A million miles more eco friendly than an old-school petrol lawnmower, and you don’t have to do any of the legwork. 

Still relatively new to the market but increasing in popularity, robot lawnmowers have yet to really come down in price, with the best performing models easily over £400 to buy. 

However, when they’re zipping around your garden, these grass trimmers, usually around 50W – really don’t cost much to use, less than two pence an hour. That’s around £1 a year if you use them every week…which nobody would, although the charging station will add additional costs to that. 


Effectively a small oven, air fryers circulate 200-degree heat around its compact cooking chamber, making it easier to cook things more quickly, meaning you don’t need to use them for as long as a conventional oven, saving money 

The compact kitchen appliance, which retails at anywhere between around £40 and £400 works by baking food place into its basket at a high temperature – usually 200 degrees – with a high-powered fan circulating the heat.  

Gallizzi says: ‘Cooking in a conventional oven is one of the most common ways to prepare dinner, but it is often more expensive to run than other kitchen appliances.

‘Ovens are usually large enough to cook multiple dishes at the same time, so there’s a lot of energy being wasted if you’re only cooking on one shelf.

‘Air fryers are much more efficient as they tend to be smaller than ovens, and their quicker cooking time means they use less energy overall.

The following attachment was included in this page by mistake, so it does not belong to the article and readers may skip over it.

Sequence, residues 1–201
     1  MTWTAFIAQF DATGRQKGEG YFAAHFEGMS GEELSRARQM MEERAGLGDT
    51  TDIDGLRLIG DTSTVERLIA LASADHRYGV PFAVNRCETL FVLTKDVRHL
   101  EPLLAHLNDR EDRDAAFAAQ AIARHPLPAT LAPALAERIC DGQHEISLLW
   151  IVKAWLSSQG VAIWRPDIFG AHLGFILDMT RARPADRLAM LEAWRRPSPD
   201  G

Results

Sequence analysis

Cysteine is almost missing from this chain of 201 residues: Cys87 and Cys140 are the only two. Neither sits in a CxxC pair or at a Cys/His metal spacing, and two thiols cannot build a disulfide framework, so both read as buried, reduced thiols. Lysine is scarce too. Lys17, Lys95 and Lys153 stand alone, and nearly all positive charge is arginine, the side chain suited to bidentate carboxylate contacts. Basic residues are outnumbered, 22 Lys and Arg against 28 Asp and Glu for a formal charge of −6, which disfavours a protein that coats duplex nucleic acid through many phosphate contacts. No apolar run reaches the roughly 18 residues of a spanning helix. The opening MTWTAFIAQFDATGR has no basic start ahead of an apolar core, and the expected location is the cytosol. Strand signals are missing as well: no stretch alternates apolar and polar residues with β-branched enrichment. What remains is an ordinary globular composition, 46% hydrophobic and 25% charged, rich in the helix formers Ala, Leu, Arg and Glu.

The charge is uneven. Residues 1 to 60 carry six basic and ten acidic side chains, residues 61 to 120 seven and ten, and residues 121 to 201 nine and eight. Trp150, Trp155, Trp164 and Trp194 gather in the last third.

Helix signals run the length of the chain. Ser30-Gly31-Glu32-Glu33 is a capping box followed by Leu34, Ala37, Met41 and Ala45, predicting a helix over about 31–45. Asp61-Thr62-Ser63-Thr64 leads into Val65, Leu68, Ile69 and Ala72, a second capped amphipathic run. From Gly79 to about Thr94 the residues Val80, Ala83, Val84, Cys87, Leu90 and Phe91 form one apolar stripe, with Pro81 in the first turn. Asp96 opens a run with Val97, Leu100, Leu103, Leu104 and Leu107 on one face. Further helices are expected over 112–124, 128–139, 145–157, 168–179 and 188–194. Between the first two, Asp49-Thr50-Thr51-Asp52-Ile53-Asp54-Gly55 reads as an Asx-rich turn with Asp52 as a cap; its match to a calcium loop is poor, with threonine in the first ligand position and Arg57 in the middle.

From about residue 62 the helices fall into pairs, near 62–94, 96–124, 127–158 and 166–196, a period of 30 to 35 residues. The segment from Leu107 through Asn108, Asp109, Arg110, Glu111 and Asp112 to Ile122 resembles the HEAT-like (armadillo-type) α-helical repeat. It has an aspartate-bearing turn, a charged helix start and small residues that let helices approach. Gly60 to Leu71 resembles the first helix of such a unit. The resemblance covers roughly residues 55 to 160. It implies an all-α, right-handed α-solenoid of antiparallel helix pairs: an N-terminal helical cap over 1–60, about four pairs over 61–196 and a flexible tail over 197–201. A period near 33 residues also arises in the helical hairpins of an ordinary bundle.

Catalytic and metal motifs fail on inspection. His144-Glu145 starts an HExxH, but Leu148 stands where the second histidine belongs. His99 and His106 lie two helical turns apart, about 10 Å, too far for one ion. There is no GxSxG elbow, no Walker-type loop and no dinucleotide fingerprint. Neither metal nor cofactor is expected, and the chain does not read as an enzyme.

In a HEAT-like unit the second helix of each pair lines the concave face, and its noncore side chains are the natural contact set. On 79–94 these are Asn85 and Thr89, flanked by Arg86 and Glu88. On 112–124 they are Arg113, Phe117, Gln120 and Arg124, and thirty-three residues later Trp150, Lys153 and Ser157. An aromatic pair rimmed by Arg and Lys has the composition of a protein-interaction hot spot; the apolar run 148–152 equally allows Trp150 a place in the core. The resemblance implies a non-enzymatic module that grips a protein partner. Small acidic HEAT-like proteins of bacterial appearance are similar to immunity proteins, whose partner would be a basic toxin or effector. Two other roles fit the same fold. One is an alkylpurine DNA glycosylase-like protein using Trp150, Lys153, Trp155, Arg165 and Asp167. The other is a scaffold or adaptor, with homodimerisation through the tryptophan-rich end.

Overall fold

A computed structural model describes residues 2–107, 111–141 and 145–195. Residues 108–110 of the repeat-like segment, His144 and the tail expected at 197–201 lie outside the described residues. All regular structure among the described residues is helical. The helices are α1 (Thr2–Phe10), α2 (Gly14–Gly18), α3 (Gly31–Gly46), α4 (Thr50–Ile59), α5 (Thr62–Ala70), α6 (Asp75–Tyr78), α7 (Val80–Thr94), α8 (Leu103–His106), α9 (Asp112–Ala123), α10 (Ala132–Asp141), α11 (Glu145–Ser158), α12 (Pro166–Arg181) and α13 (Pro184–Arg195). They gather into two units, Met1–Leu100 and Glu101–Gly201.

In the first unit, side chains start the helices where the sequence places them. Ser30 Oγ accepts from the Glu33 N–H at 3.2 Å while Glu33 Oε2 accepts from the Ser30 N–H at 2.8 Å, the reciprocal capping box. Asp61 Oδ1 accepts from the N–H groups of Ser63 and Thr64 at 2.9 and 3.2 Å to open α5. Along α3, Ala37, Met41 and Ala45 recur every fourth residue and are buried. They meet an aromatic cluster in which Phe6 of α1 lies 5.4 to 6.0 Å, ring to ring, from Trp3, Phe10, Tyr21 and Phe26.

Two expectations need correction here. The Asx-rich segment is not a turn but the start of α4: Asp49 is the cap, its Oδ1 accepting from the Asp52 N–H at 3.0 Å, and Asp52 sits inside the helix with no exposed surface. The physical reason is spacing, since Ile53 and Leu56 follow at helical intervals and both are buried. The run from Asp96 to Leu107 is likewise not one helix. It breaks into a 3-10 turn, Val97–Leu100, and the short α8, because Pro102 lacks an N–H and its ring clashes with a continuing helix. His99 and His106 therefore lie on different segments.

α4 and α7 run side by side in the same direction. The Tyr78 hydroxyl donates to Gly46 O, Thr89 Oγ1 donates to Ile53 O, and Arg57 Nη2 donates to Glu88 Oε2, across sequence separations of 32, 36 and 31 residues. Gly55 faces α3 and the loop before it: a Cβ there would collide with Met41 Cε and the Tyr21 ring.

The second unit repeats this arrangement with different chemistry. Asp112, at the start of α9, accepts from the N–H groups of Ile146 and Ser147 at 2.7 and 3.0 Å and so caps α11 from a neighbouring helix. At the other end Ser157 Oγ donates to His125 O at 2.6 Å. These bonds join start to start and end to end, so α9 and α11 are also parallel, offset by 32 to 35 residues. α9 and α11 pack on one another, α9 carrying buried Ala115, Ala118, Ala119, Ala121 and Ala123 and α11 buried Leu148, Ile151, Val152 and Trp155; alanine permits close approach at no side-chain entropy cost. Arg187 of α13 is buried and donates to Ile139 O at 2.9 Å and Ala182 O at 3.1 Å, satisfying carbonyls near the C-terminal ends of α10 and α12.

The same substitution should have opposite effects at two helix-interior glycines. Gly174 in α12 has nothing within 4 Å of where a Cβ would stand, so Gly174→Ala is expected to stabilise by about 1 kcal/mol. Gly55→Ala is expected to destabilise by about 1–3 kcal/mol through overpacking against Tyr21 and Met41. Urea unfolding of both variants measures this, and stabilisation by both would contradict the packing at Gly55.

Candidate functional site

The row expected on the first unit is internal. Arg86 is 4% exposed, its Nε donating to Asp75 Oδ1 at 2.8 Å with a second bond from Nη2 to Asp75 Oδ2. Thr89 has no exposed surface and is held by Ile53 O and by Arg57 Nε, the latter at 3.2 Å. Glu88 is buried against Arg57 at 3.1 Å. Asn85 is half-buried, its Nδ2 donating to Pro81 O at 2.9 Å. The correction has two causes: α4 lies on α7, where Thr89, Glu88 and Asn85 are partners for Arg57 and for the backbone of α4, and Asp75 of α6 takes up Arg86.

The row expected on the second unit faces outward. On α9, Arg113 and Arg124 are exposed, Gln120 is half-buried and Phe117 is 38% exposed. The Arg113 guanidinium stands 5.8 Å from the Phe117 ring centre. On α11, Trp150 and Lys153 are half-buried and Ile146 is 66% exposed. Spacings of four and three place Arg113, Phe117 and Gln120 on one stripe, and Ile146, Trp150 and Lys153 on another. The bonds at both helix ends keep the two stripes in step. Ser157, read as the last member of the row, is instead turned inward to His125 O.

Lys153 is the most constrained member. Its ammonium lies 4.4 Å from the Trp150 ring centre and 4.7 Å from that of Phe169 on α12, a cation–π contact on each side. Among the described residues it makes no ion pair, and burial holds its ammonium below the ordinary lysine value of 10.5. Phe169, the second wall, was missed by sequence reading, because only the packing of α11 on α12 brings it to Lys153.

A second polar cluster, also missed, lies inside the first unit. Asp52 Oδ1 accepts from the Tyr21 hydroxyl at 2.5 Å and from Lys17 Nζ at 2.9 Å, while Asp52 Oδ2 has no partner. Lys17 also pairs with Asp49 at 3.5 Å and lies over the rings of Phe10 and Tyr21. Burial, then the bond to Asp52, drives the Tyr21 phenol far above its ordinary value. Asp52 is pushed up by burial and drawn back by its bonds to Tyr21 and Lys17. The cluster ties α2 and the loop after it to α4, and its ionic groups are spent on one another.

As a general rule, when cooking a meal in an air fryer, you can halve the time you would typically use in an oven. Similarly, microwaves cook much faster than an oven and so use far less energy and will save you money.’

‘Using an air fryer for 15 minutes cost 13p on the new price cap.’




Power of appliance (kW)

Time to cook (minutes)

Time to cook (hours)

Energy used (kWh)

Cost (£)













 Source: Cost of electricity based on current price cap


Invest in a heated clothes rack, around £50, and you could save £84 a year on tumble dryer costs

Laundry is likely where you’ll rack up the biggest energy costs in the home. 

Says our expert: ‘Tumble dryers and washing machines are among the biggest energy guzzling appliances in your home.

‘It is recommended that you only run them when they are full, to cut down the number of washes you are doing a week.

‘You can also save up to a third of your washing machine energy costs by washing clothes at 30 degrees.’

If the tumble dryer is an energy sinner, and the washing line is an energy saint, then the heated clothing rack is somewhere in between. 

They cost around £50 to buy on Amazon and use around 300W, working by pushing hot air through the rack to dry garments laid across them.

‘Heated airers are drying racks with a heating element that helps speed up the process. 

They typically use 300W, which will cost 20 pence if used for two hours per load of washing, and adds up to a £84 saving compared to relying on a tumble dryer.’

‘Using a 220W costs about 7p an hour in electricity.’ 

AIR CONDITIONING UNIT – £329.28 – or more!

While no-one is reaching for their home cooling systems right now, a word of warning ahead of next year, they can put a huge dent in your wallet, particularly if you rely on them all night long.

While no-one is reaching for their home cooling systems right now, a word of warning ahead of next year, they can put a huge dent in your wallet, particularly if you rely on them all night long.  

Typical air conditioning units use 2.7kW, making them around £1 an hour to run – that’s £8 a night, which soon adds up when you have a long, hot summer.

The expert said: ‘If used for 4 hours a day for three months, it would cost £329.28.’